The struggle for independenceSouth-West Africa People's Organisation's (SWAPO) military wing, the People's Liberation Army of Namibia (PLAN) began guerrilla attacks on South African forces, infiltrating the territory from bases in Zambia. The first attack of this kind was the battle at Omugulugwombashe on 26 August. After Angola became independent in 1975, SWAPO established bases in the southern part of the country. Hostilities intensified over the years, especially in Ovamboland.
In a 1971 advisory opinion, the International Court of Justice upheld UN authority over Namibia, determining that the South African presence in Namibia was illegal and that South Africa therefore was obliged to withdraw its administration from Namibia immediately. The Court also advised UN member states to refrain from implying legal recognition or assistance to the South African presence.
While previously the contract work force was seen as "primitive" and "lack[ing] political consciousness", the summer 1971/72 saw a general strike of 25% of the entire working population (13,000 people), starting in Windhoek and Walvis Bay and soon spreading to Tsumeb and other mines.
In 1975, South Africa sponsored the Turnhalle Constitutional Conference, which sought an "internal settlement" to Namibia. Excluding SWAPO, the conference mainly included bantustan leaders as well as white Namibian political parties.
International pressureIn 1977, the Western Contact Group (WCG) was formed including Canada, France, West Germany, the United Kingdom, and the United States. They launched a joint diplomatic effort to bring an internationally acceptable transition to independence for Namibia. The WCG's efforts led to the presentation in 1978 of Security Council Resolution 435 for settling the Namibian problem. The settlement proposal, as it became known, was worked out after lengthy consultations with South Africa, the front-line states (Angola, Botswana, Mozambique, Tanzania, Zambia, and Zimbabwe), SWAPO, UN officials, and the Western Contact Group. It called for the holding of elections in Namibia under UN supervision and control, the cessation of all hostile acts by all parties, and restrictions on the activities of South African and Namibian military, paramilitary, and police.
South Africa agreed to cooperate in achieving the implementation of Resolution 435. Nonetheless, in December 1978, in defiance of the UN proposal, it unilaterally held elections, which were boycotted by SWAPO and a few other political parties. South Africa continued to administer Namibia through its installed multiracial coalitions and an appointed Administrator-General. Negotiations after 1978 focused on issues such as supervision of elections connected with the implementation of the settlement proposal.
Negotiations and transitionUN Commissioners for Namibia were appointed. South Africa refused to recognize any of these United Nations appointees. Nevertheless discussions proceeded with UN Commissioner for Namibia N°2 Martti Ahtisaari who played a key role in getting the Constitutional Principles agreed in 1982 by the front-line states, SWAPO, and the Western Contact Group. This agreement created the framework for Namibia's democratic constitution. The US Government's role as mediator was both critical and disputed throughout the period, one example being the intense efforts in 1984 to obtain withdrawal of the South African Defence Force (SADF) from southern Angola. The so-called "Constructive Engagement" by US diplomatic interests was viewed negatively by those who supported internationally recognised independence, while to others US policy seemed to be aimed more towards restraining Soviet-Cuban influence in Angola and linking that to the issue of Namibian independence. In addition, US moves seemed to encourage the South Africans to delay independence by taking initiatives that would keep the Soviet-Cubans in Angola, such as dominating large tracts of southern Angola militarily while at the same time providing surrogate forces for the Angolan opposition movement, UNITA. From, a Transitional Government of National Unity, backed by South Africa and various ethnic political parties, tried unsuccessfully for recognition by the United Nations. Finally, in 1987 when prospects for Namibian independence seemed to be improving, the fourth UN Commissioner for Namibia Bernt Carlsson was appointed. Upon South Africa's relinquishing control of Namibia, Commissioner Carlsson's role would be to administer the country, formulate its framework constitution, and organize free and fair elections based upon a non-racial universal franchise.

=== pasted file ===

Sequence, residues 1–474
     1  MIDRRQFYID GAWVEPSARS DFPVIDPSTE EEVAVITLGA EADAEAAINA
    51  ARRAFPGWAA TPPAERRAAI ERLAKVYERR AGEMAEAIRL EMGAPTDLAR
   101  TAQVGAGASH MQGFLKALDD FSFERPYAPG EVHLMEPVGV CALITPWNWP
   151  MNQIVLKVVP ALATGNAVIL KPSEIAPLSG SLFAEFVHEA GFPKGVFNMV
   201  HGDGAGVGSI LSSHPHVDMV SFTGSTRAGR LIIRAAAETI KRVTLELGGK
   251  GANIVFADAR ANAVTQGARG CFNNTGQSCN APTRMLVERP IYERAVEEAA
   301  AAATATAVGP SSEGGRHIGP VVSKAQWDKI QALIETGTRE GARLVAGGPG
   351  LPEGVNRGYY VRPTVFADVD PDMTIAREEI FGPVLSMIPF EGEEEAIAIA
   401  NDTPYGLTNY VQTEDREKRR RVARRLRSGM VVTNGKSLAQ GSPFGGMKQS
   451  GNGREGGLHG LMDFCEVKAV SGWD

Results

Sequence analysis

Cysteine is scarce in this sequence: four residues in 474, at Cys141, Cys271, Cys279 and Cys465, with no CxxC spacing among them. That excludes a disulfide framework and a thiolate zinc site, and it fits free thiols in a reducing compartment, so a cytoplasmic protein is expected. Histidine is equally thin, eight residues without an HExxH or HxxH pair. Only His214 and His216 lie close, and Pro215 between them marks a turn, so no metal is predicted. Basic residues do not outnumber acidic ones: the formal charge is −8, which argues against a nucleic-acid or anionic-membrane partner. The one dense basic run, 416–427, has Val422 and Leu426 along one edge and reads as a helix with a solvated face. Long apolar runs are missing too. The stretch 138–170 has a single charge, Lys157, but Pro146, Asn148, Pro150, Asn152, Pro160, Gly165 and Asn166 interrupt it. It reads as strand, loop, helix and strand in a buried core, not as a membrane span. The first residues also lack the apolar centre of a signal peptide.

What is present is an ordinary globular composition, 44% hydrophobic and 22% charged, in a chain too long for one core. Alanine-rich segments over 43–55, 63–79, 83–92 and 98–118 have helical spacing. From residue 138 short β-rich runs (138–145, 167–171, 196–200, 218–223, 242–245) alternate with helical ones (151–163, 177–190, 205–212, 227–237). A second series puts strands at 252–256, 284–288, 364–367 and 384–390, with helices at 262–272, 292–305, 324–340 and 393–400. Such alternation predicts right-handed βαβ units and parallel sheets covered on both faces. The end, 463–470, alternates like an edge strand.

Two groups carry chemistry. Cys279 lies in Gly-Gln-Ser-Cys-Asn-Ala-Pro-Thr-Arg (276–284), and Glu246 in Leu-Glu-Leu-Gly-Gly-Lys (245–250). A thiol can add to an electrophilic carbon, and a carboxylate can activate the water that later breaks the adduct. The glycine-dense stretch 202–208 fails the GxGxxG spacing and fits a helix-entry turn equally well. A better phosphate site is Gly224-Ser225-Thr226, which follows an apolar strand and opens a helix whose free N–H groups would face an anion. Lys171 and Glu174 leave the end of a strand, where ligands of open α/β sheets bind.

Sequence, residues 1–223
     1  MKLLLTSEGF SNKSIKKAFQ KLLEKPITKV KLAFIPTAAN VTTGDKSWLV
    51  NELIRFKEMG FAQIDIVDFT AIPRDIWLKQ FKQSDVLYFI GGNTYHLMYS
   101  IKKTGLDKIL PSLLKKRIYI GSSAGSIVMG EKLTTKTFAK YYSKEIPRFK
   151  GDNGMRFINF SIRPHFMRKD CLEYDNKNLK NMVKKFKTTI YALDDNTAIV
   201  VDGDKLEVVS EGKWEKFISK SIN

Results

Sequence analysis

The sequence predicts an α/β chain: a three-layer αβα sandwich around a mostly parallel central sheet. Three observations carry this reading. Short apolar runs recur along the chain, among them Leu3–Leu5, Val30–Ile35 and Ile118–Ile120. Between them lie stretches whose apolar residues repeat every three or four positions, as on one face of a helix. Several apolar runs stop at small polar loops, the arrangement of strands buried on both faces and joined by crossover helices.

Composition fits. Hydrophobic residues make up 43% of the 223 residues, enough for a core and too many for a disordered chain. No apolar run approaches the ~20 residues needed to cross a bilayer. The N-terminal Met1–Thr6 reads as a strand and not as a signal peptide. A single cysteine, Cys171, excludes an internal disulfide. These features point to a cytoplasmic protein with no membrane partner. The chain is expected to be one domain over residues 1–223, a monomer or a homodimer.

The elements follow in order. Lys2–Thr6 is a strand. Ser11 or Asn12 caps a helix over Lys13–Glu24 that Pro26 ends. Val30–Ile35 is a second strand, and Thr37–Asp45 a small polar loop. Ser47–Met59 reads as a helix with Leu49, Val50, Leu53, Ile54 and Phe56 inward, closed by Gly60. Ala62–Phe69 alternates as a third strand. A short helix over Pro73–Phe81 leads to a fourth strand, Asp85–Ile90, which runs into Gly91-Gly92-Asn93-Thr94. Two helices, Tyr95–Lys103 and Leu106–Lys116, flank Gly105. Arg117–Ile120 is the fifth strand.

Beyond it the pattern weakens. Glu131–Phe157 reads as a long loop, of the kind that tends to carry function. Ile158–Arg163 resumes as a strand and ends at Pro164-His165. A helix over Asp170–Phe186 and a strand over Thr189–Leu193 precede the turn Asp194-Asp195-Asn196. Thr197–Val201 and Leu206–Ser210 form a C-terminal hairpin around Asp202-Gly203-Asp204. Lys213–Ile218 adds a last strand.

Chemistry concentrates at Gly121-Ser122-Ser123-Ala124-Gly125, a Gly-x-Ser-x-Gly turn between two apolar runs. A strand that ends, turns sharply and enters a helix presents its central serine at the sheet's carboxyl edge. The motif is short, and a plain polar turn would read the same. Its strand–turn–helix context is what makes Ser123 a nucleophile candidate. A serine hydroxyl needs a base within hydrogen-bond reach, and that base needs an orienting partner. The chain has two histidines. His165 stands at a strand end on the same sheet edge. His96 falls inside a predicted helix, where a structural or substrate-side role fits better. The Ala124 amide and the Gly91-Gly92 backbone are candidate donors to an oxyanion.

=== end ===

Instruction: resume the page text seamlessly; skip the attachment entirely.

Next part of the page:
In May 1988, a US mediation team – headed by Chester A. Crocker, US Assistant Secretary of State for African Affairs – brought negotiators from Angola, Cuba, and South Africa, and observers from the Soviet Union together in London. Intense diplomatic activity characterized the next 7 months, as the parties worked out agreements to bring peace to the region and make possible the implementation of UN Security Council Resolution 435 (UNSCR 435). At the Ronald Reagan/Mikhail Gorbachev summit in Moscow (29 May – 1 June 1988) between leaders of the United States and the Soviet Union, it was decided that Cuban troops would be withdrawn from Angola, and Soviet military aid would cease, as soon as South Africa withdrew from Namibia. Agreements to give effect to these decisions were drawn up for signature in New York in December 1988. Cuba, South Africa, and the People's Republic of Angola agreed to a complete withdrawal of foreign troops from Angola. This agreement, known as the Brazzaville Protocol, established a Joint Monitoring Commission (JMC) with the United States and the Soviet Union as observers. The Tripartite Accord, comprising a bilateral agreement between Cuba and Angola, and a tripartite agreement between Angola, Cuba and South Africa whereby South Africa agreed to hand control of Namibia to the United Nations, were signed at UN headquarters in New York City on 22 December 1988. (UN Commissioner N°4 Bernt Carlsson was not present at the signing ceremony. He was killed on flight Pan Am 103 which exploded over Lockerbie, Scotland on 21 December 1988 en route from London to New York. South African foreign minister, Pik Botha, and an official delegation of 22 had a lucky escape. Their booking on Pan Am 103 was cancelled at the last minute and Pik Botha, together with a smaller delegation, caught the earlier Pan Am 101 flight to New York.)